Report On Phoenix Light Arrays

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The lights in the triangle lasted between 4 min 20 sec and 4 min 45 sec. Analysis of changes in light position with time in the L video shows that they all dropped several thousand feet while drifting to the east at roughly 40 mph.

The relative locations of these preceding lights are illustrated in the FIGURE 11 which shows the linear array, the far right lights and the light triangle. All these light arrays were far from the witnesses, at high altitude, and basically over the northeast portion of the Air Force range, as can be seen by comparing with FIGURE 13, a map of the Phoenix area which is to the same scale as FIGURE 10. (To make this comparison you can use a light for transillumination and overlay FIGURE 10 on FIGURE 13 and align the obvious roads. Then observe the locations of the lights as compared to the boundaries of the Air Force test range.)

Figure 11

Figure 12

Figure 13

Figure 14


The lights of 10:00 PM March 13, 1997 have been studied in a similar manner. In this case only the K, L and R videos have been used (P did not see the March 13 lights). FIGURES 14, 15, 16 and 17 show the light arrays. Two frames of the K video are shown because the second and third lights at the right side disappeared before the array was complete.

Figure 15

Figure 16

Figure 17

Figure 18

As before, the K and L sighting directions are quite accurate because of clear geographical reference points that appear in the videos. However, there is an ambiguity in determining exactly which lights are which in the two videos because L's videotape shows only three lights (another 3 had disappeared before L switched on the camera) whereas K' shows a total of 9 which appeared one after another in the distinctive array. An attempt at correlation by measuring the times between light extinctions was only slightly successful. Although one might assume that L videotaped the last three lights visible in the K or R videos, the fact is that there appears to be no convincing one-to-one correlation between specific lights in the K and L videos. However, if one merely assumes that L videotaped several of the lights in the K array one can determine the general location of the lights.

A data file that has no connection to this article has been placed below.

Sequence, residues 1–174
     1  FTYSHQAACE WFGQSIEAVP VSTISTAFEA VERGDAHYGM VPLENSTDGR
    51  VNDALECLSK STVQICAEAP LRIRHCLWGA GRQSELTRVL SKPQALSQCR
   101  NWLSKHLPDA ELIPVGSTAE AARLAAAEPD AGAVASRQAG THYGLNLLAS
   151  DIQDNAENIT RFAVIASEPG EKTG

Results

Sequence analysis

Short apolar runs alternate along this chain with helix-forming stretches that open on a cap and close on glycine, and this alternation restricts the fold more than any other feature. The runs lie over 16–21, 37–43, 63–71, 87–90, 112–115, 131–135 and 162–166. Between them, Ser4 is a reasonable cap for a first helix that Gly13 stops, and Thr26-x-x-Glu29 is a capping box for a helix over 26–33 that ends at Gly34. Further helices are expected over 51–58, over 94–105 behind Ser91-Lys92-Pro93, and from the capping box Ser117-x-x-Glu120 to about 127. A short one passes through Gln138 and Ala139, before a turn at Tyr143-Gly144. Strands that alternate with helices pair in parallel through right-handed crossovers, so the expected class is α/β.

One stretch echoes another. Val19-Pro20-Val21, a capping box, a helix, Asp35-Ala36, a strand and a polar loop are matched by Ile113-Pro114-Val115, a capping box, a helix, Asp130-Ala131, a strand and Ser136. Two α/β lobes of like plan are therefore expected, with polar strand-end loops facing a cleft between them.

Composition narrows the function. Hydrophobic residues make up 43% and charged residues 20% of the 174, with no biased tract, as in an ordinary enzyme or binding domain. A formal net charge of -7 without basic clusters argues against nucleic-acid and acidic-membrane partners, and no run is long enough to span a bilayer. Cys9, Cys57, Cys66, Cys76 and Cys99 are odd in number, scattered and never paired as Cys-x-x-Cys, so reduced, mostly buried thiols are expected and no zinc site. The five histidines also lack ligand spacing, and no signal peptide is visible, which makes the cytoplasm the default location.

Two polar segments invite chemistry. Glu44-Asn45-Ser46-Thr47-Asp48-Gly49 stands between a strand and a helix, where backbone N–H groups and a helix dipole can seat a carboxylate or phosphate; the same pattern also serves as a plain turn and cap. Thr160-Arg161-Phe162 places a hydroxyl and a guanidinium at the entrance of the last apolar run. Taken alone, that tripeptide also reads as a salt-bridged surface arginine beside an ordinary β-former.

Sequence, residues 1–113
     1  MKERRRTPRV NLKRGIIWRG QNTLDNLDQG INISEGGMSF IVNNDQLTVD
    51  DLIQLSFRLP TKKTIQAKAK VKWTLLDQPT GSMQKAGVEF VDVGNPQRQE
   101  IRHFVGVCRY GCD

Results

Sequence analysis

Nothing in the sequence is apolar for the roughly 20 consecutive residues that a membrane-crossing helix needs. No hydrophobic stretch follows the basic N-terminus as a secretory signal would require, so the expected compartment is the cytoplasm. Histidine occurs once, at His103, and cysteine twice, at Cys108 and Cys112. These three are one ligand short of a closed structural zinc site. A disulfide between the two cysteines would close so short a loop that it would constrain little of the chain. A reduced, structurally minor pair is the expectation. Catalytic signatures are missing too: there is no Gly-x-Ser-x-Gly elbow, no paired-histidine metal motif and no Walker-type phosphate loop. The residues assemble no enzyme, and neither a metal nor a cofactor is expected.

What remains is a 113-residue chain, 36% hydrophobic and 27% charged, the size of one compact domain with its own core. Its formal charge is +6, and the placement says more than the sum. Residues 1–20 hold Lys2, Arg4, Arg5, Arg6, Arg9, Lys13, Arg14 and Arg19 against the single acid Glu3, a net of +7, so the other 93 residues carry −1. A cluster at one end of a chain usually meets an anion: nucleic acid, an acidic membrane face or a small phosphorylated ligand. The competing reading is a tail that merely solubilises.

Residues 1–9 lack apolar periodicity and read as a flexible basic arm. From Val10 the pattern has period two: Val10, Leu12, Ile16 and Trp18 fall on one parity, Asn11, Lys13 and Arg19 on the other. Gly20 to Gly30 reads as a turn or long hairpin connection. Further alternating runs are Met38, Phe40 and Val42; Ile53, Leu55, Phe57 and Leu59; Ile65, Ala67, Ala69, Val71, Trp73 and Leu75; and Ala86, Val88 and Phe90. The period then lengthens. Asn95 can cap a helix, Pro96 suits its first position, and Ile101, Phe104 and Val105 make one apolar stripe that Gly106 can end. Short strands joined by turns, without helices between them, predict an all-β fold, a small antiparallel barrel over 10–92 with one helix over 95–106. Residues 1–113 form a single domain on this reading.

The R video shows an array that is almost identical to the K video array. However, as before, it is more ambiguous as to sighting directions because the reference points are indistinct and the angle calibration of the video screen depends upon an indistinct image (see discussion above). However, one can use the January 14, 1998 linear array lights (or the triangle) to remove some of the direction ambiguity. Specifically, the direction of the reference feature (roof of a house, see FIGURE 4) has been chosen (as above) in such a way as to make the sighting line to the left end light of the January 14 linear array pass through the location of the left end light as determined by the K and L videos (see FIGURES 9 and 10). (In other words, the January 14, 1998 sighting direction data have been used to calibrate the March 13, 1997 data.) The resulting data for lights numbered 1, 2 and 9 (in order of appearance) are shown below:

TABLE 6: MARCH 13, 1997 ARRAY OF LIGHTS as seen by K, L and R



(+/- 1 degree)


(+/- 5 miles)





left light





right end





between 1 and 2





The L video shows three lights which might be 7, 8, and 9, with sighting lines 210.5, 211 and 211.5 degrees. These lines pass through the area defined by the K and R videos.

The locations of the lights as determined from the above data are very roughly near, but farther away than, the location of the left hand ,linear array light discussed above (FIGURE 18). These data clearly point toward lights that are far from the observers and which are over the Air Force range.

The size of the array is given by the following estimated distances: between the first and second lights to appear was about 7.5 miles and between the second and ninth lights is about 3.7 miles (see FIGURE 18).

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